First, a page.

Its scenic beauty is breathtaking and in the early 1900’s was one of the country’s leading tourist attractions.
Though located in Dayton, I never even knew it existed until recently and I’m certain that many others are unaware too about this national historic landmark. First developed in 1867, the Historic Grotto & Gardens at the Dayton VA Medical Center is restored and is a site well worth witnessing.
The story behind the Grotto is as fascinating as its visual beauty and I’m typically not interested in either history or scenery. Back in 1865, President Lincoln signed a bill, his last major bill before being assassinated, ordering that three facilities be built as a refuge for disabled soldiers of the American Civil War. Due to its proximity to the railroad tracks and balmy weather, Dayton was chosen as one of the locations. At its peak, 7,000 Veterans resided on the grounds, which operated like its own little city.
In 1868, The Chapel was constructed (the oldest building still standing on the property) out of limestone that was quarried from the grotto area. That same year, Frank Mundt a resident Veteran, and florist by trade, began developing the garden amongst the manmade rock walls and lakes. The 25 acres started to flourish and under the direction of Major Charles Beck from 1875 to 1906, 75 full-time resident gardeners cared for the land.
By 1900, the ornate gardens had become a garden paradise which was considered more beautiful than Central Park in New York City. It became a major destination point for travelers averaging 600,000 visitors per year. A hotel was built on the grounds to house all of the guests, most of which came by train.
By the mid-1900’s, the Veteran population on the property declined and the Grotto Gardens became uncared for. The site became overgrown and was lost from view for decades. A restoration began in 2012, and a year later the OSU Extension Montgomery County Master Gardeners joined in a combined effort with the Dayton VA Medical Center and the American Veteran Heritage Center (AVHC) to design and maintain the gardens. Local garden centers, garden clubs and donors have made it all possible with their generous support. The area is now 12 acres, featuring more than a dozen gardens, three fountains, a waterfall and grotto. All the work on the land is done by dedicated volunteers. The funds are gained by donations and grants.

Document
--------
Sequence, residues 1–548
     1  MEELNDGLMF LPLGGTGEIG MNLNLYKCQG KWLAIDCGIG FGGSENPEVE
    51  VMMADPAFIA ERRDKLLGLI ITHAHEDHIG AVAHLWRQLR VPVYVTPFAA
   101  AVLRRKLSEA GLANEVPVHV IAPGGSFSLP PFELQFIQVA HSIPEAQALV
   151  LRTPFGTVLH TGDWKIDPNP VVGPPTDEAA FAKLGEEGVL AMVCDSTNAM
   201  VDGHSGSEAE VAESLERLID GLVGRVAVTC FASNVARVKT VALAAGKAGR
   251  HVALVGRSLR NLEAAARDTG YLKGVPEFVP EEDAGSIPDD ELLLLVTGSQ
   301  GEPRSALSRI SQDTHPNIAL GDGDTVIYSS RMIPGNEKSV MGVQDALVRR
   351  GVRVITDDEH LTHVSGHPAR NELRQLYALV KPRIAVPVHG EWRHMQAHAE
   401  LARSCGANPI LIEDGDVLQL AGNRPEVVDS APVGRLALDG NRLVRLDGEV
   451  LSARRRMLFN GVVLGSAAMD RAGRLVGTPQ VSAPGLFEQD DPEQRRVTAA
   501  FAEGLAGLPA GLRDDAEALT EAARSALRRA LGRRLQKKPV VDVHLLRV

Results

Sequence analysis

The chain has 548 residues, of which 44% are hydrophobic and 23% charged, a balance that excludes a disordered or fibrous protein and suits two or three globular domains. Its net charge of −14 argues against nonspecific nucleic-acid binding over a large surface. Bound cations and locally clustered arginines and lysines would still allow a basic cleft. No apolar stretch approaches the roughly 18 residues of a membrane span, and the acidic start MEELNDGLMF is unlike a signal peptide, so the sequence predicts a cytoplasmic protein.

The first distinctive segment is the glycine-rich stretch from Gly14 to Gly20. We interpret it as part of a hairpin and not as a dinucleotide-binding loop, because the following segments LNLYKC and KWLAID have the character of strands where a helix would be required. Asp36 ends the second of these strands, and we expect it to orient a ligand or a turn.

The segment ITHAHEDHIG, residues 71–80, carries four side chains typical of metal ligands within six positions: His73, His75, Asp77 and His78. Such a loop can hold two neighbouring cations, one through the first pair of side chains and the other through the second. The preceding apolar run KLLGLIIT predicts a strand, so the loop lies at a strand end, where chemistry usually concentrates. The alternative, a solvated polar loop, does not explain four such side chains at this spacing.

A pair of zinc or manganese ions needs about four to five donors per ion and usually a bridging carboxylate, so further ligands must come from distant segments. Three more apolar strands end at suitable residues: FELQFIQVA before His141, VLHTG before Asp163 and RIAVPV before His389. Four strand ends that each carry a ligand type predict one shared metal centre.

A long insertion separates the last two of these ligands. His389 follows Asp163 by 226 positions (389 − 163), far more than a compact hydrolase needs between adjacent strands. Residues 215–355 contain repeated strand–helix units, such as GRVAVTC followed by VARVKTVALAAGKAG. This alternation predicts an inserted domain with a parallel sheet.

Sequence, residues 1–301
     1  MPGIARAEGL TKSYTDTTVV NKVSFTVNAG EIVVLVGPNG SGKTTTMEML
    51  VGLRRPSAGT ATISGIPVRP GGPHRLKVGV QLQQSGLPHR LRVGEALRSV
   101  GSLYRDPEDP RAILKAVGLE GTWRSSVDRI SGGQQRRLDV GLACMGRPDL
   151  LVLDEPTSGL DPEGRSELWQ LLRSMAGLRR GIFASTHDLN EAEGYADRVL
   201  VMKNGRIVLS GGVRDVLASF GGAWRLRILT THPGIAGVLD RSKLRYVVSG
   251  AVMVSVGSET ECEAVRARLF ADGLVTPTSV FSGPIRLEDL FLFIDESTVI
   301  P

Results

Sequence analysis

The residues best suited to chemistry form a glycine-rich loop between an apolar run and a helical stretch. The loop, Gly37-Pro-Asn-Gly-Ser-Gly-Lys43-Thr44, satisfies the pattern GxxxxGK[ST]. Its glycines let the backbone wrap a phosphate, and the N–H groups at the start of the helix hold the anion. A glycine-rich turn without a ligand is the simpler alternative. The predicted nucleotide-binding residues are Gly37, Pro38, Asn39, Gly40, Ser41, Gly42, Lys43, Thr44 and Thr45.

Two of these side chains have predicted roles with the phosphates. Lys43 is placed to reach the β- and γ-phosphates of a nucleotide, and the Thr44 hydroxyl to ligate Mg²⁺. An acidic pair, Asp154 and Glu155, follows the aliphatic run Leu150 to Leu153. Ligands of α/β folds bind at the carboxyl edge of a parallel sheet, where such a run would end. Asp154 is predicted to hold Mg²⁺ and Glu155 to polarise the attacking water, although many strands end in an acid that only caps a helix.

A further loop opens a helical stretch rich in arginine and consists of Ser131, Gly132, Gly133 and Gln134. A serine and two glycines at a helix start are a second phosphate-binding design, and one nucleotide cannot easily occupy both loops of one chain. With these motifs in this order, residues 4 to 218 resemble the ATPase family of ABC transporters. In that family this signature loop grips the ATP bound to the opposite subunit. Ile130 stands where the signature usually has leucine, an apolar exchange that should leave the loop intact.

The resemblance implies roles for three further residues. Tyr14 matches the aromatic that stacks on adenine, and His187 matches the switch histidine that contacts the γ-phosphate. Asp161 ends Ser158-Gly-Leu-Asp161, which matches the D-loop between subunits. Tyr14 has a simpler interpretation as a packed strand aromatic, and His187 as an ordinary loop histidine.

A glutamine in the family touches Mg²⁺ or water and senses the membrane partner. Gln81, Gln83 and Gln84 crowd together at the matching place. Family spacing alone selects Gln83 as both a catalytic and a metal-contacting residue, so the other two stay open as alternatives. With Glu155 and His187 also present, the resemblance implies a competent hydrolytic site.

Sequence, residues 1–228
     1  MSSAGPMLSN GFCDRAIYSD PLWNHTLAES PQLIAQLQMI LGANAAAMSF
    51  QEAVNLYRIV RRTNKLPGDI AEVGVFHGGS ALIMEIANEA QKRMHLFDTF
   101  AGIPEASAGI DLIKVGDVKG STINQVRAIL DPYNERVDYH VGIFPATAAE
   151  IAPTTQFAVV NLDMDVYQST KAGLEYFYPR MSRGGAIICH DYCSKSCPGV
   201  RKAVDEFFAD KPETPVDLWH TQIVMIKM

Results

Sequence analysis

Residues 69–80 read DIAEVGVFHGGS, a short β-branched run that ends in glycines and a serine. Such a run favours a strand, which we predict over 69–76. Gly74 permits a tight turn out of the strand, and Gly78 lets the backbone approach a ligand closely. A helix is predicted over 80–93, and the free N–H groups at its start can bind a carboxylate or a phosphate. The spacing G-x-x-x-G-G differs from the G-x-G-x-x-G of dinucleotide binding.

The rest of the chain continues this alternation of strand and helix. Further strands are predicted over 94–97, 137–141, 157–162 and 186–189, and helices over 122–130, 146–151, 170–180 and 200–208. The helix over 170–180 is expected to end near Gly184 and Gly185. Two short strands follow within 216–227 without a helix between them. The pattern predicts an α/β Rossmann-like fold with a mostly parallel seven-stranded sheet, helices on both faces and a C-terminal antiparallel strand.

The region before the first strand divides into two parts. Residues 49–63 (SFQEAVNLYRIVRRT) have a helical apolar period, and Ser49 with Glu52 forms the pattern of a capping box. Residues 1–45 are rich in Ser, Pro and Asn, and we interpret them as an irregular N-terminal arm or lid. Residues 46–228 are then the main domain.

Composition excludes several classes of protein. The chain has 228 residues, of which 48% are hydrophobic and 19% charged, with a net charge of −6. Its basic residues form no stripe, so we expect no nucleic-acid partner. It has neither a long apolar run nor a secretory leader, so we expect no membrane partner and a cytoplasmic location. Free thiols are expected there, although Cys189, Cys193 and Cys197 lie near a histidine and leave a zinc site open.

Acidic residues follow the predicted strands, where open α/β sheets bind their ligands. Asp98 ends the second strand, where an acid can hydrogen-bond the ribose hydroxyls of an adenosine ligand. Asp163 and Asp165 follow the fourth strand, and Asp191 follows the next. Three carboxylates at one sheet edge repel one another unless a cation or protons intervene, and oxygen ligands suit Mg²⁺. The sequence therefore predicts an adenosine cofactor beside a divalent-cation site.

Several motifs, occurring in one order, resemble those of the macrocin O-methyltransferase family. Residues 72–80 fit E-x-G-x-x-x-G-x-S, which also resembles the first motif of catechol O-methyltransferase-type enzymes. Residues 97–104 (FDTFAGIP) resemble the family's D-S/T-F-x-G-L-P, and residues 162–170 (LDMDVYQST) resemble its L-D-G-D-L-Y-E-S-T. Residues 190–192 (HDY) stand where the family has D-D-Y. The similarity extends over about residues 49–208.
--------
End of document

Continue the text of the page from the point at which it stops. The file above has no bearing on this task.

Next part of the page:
The historic grotto & gardens is open 24 hours and is meant for the public, as well as the residents and patients of the VA to enjoy. On Tuesday and Wednesday mornings, volunteers are present, and weather permitting, tours of the Grotto Gardens are given during the months of April through November. More volunteers with a passion for gardening are always welcome, as are monetary donations to help the area continue to be restored. Donations can be sent to the American Veterans Heritage Center; P.O. Box 1366; Fairborn, OH 45324. Designate the donations to the Grotto Project The AVHC is 501 (c)(3) so the donations are tax deductible.
Mike Woody is a life long resident of Dayton, and has a passion for writing, which is good because he doesn't excel at much of anything else, except eating.